Monday, 19 March 2012

The ABCs of Activity-Based Costing

One of my favourite MBA classes has been managerial accounting. It's like solving little math puzzles and using them to make managerial decisions.  We've learned a lot this semester but one thing that is very useful is activity-based costing. I would like to take today's article space to explain the gist of this concept. I warn you in advance: For the first time since the Time Value of Money we may need to use... math.

The ABCs of Product Cost

If you're in business and you're selling a product or providing a service, it's important to know how much it costs.  If you know how much it costs you to make this product or provide this service then you can figure out how much you need to charge for it in order to make money.  Simple enough.

The product cost is made up of direct and indirect costs.

Direct costs: 
The cost of materials directly used in making the product or providing the service.  Broken down into Direct Material costs and Direct Labour costs.  So if you make footballs and use $1 worth of rubber and 10 minutes of labour at $12/hour to make one ball, then your direct costs for footballs are $3/ball.

Indirect Costs: These are costs that are difficult to calculate on a per-item basis.  It can be material that is hard to measure per item like glue or tape, or it could be electricity, rent, shipping, or other costs like these.  If you use $1000 of electricity in a month and make 10,000 footballs with it, you can't tell if one actually used more electricity than the others.  So you just "apply" these overhead costs to the products instead.  In this example we might just divide up the costs evenly and add $.10 to the cost of each ball.

So in the end the general rule is your product cost is your direct material, your direct labour and your manufacturing overhead all added together.  Or:

PC = DM + DL + Overhead

Applying the overhead

The easiest way to apply overhead is just divide the total by the number of labour hours your employees worked in a year. This gives you a "plant-wide rate".  Then you apply the overhead based on the number of labour hours a product takes to produce.

So if you have $120,000 of overhead, and you have 10 employees working 2000 hours each, the plant-wide rate will be 120,000 / 20,000 or $6/hour.  So your footballs that take 10 minutes each to produce would have $1 of overhead applied to each.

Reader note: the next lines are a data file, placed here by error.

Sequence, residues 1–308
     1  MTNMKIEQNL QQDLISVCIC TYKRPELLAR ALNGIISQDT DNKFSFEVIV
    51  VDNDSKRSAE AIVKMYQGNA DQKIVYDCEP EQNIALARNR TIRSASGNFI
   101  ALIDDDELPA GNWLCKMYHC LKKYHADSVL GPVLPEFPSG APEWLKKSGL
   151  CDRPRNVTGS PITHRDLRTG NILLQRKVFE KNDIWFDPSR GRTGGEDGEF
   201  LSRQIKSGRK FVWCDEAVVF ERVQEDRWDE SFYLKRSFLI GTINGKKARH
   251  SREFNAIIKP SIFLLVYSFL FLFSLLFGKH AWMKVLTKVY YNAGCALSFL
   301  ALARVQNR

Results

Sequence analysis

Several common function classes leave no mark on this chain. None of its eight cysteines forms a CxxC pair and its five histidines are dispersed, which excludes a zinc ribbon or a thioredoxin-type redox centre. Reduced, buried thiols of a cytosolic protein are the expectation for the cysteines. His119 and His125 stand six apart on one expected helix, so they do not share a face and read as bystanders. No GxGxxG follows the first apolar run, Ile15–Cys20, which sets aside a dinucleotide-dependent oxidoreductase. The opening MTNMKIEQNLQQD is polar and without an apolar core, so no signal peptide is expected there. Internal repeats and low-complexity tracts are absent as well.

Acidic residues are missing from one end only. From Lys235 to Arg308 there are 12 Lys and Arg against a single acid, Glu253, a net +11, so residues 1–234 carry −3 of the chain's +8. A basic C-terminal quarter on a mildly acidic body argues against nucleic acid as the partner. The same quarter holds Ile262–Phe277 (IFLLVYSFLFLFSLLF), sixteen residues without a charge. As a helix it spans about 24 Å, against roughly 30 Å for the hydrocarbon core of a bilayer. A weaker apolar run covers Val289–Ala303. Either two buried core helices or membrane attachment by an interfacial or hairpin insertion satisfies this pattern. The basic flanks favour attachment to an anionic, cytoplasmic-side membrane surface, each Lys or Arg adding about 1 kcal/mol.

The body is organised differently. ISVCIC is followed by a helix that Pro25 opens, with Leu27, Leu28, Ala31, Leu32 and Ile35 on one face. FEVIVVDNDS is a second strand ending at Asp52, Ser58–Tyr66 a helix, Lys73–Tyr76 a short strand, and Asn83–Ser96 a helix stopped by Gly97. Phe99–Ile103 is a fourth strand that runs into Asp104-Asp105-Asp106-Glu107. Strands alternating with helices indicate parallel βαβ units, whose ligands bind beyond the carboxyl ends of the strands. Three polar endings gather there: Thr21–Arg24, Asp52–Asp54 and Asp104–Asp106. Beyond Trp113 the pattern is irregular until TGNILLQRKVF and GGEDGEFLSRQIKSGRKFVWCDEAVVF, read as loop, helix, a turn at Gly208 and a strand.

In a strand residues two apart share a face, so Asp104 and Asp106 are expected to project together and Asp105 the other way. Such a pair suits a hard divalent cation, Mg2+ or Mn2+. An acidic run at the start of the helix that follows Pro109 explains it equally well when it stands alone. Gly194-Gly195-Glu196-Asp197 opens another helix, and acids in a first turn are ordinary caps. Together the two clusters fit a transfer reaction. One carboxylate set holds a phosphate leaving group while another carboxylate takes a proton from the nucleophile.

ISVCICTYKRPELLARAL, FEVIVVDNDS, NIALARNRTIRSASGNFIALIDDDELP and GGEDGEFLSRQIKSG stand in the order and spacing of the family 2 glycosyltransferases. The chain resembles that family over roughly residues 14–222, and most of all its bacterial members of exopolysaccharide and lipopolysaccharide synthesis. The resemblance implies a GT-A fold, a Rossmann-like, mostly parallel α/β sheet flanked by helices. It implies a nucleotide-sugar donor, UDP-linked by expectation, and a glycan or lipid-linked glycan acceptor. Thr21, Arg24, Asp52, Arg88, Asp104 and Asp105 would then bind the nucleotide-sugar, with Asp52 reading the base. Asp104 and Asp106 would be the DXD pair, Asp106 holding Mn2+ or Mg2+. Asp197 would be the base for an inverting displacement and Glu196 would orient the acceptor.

The problem

Overhead = electricity, heat, managers' salaries, incidentals, etc.

If all you know about your products' costs is the overhead applied using a plant-wide rate, it's impossible to find out where the inefficiencies are.  Your reports at the end of the year would show what you spent on  materials, labour, and overhead, but they wouldn't show you how much each product used.

In addition, most companies sell more than one product. They might consume overhead resources at different rates.  If you stared making cars in the same plant that take a machine 6 hours and $1000 worth of electricity to produce, but only 10 minutes of an employee's time to set up the machine, you'd only apply the same $1 of overhead to the cost of the car.

At the end of the year you'd find your total overhead was much higher than you'd anticipated, and it would be divided evenly between your footballs and your cars. You'd end up with a very skewed picture of how much each actually costs to produce.
how much did the football really cost?
Did this football really cost $5000 to make?

ABC costing

The solution to this problem is to break the overhead costs into categories and see what is the "driver" of each cost.  You'd then be able to apply the overhead costs more accurately.  More importantly, you would know where all your money is going.

So for example, if your overhead was $120000 broken down into $100,000 of electricity and $20,000 in coffee for the workers, you might apply the electricity based on the machine hours and the coffee based on direct labour. This scheme would put more of the overhead onto the cars, and allow you to see exactly why - the cars used more machine hours, which, in our example, drink electricity like a thirsty camel.

If you wanted to control costs under the old scheme, all the overhead was based on Direct Labour.  The only tool you had to control costs was to reduce Direct Labour, aka lay people off.  With ABC we can see that most of the overhead is electricity, so to control costs we might look into switching machines, finding more efficient processes, or negotiating better power rates.

Now I know my ABCs

Now I do apologize for one thing.  I wrote this whole article trying to illustrate product costing, and I realized at the end that I probably should have explained one consistent example from beginning to end instead of trying to explain concepts and highlight them with fake numbers.  I hope it wasn't confusing but I'm not changing it now.

This subject came up today because my managerial accounting professor was talking about the student protests over tuition rates. The government is raising tuition, trying to get more money, but a more effective solution might be Activity Based Costing. If this were implemented in the hospitals and universities, more than likely there would emerge all sorts of ways to cut costs and make them more efficient. Isn't that interesting?


Anonymous said...

Our governments (all levels)need the application of activity-based costing.

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